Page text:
History of the M1

The Werk Shop

28814 Nagel Ct., Unit B

Lake Bluff, IL 60044

(847) 295.3200 Telephone

(847) 615.9375 Fax



“Our family stuck together and brought a healthy and wholesome baby into this world: the BMW M1 !”.  Words spoken by an excited and proud Jochen Neerpasch in December 1978. The baby was indeed healthy but labor had not been without problems.

Jochen Neerpasch, by all accounts the father of the M1,  had been the head of BMW Motorsport GmbH since mid-1972.

The history of the M1 actually started  before 1972 with the “turbo styling study”. This study resulted in the futuristic looking BMW Turbo. The Turbo was never envisioned as a potential production machine but based on the design some wind-tunnel testing and other engineering work was done. This preliminary work served as a loose guide in the conception of the M1.

The BMW Turbo

BMW had always been active in racing. For a producer of high-performance cars racing is a great way to bring the speed, power and handling of the product to the attention of the customers. There is also a fair amount of cross-pollination between the race and production cars. Production cars are ‘souped up’ to be used as race cars while technologies that prove themselves in racing will ultimately find their way into the production vehicles.

Good looking orphan.

Jochen Neerpasch in 1980

The early 70s brought success for the aging 3.0 CSL in the Touring Cars competition and BMW Motorsport was producing the dominant engine in Formula 2. Jochen Neerpasch had his eye on a bigger prize. Fiercely competitive, he wanted to crush the other teams in Group 4 and 5 Racing and ultimately develop a BMW team for the Formula 1. The members of the Board of Directors of BMW, a group of men known as the Vorstand, were not being paid to be audacious. They were in the business of producing street cars and had much more to gain -from both a technical and a marketing standpoint- to stay with racing Touring Cars. The seeds for some great corporate intrigue and maneuvering were sown!

Somehow, backed perhaps by the attention the Turbo had generated, Jochen Neerpasch was able to get a green light for the M1 project, originally known as E26, and was given complete responsibility. The goal was to build a car that would rule sports car racing. It might be symptomatic of bad blood between BMW Motorsport and BMW AG that he immediately went to an outside company for the design of his supercar. He took this assignment to a prominent young designer by the name of Giorgetto Giugiaro of a company called Italdesign.

To be eligible for group 4 racing the FIA (Fédération Internationale de l'Automobile) required that a minimum of 400 cars were produced and sold to the general public. This is the only reason why the road version of the M1 exists. Building something like the M1 doesn’t fit into the schedule of a company that normally builds cars in a very high volume. The M1 was almost entirely going to be made by hand and Jochen Neerpasch had to find some facilities outside of BMW. A partnership with Lamborghini must have seemed like an obvious and sensible choice. Lamborghini knew how to produce high quality cars, was used to work with small production runs and had excess capacity it needed to fill in order to spread fixed costs over a larger number of units. For a while, especially from an engineering point of view, the cooperation between BMW Motorsport and Lamborghini was very successful.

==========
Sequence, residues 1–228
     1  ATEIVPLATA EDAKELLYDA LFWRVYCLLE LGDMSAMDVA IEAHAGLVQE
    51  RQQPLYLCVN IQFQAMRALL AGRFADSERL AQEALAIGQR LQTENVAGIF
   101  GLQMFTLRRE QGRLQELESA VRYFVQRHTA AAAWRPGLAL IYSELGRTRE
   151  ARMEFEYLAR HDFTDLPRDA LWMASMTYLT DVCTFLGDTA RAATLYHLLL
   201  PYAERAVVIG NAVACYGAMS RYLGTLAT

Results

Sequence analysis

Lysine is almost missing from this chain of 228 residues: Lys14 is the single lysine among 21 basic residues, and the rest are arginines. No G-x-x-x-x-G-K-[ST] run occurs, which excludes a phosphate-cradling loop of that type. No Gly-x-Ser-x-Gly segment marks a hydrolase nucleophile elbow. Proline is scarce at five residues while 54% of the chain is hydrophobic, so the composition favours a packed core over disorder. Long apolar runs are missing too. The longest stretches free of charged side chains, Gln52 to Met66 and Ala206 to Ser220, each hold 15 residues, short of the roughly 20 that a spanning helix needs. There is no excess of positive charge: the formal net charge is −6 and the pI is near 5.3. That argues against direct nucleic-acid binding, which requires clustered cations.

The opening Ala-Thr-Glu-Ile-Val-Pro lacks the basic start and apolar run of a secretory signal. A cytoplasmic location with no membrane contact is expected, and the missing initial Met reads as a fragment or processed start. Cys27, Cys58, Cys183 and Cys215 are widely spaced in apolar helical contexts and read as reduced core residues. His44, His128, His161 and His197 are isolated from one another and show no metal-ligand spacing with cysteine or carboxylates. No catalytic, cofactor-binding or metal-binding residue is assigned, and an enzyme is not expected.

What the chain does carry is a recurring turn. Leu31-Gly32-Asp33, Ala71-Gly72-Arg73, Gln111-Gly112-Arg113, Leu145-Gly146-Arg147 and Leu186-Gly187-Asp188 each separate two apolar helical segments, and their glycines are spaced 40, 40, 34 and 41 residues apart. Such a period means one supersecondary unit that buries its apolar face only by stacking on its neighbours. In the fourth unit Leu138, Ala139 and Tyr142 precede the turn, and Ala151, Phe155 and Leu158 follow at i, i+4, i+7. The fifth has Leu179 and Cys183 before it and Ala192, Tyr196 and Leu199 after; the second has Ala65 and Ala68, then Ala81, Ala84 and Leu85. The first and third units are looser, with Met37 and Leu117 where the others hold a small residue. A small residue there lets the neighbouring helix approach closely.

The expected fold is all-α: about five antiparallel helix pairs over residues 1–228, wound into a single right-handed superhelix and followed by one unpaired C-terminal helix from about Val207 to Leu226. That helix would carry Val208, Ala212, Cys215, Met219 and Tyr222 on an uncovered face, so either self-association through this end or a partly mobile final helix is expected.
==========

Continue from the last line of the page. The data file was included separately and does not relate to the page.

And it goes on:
Sadly, when the production was about to start Lamborghini didn’t have the funds to purchase any raw materials in quantity. They were on the brink of bankruptcy. There are some great stories of how a gang of BMW people headed down to Lamborghini to “liberate” the existing prototypes, tools and body-moulds after the decision was made not to throw more money at the Italians.

After a delay in the production of more than a year a very complicated and slow method was found to manufacture the M1. This method involved four different companies at four different locations and it meant that cars in varying stages of completeness had to be transported back and forth all over Europe. To add insult to injury the FIA changed their rules during these delays, robbing the M1 of an arena to dominate as it was intended to do.

In an effort to salvage the M1 project Jochen Neerpasch scored an incredible coup; the Pro-Car series. The stars of the Formula 1 circuit would race some young, hungry and up-and-coming drivers in identically prepared M1s. These events were organized in support of regular Formula 1 races. The Pro-Car series generated plenty publicity and excitement but in the end it was too little, too late.

The M1 had turned into a financial disaster and the Vorstand pulled the plug. The budget for BMW Motorsport was drastically reduced and Jochen Neerpasch left in 1980 to join Talbot. At Talbot he got to set up a Formula 1 team, something the Vorstand wouldn’t allow him to do. The M1, despite being wholesome, was abandoned. An orphan.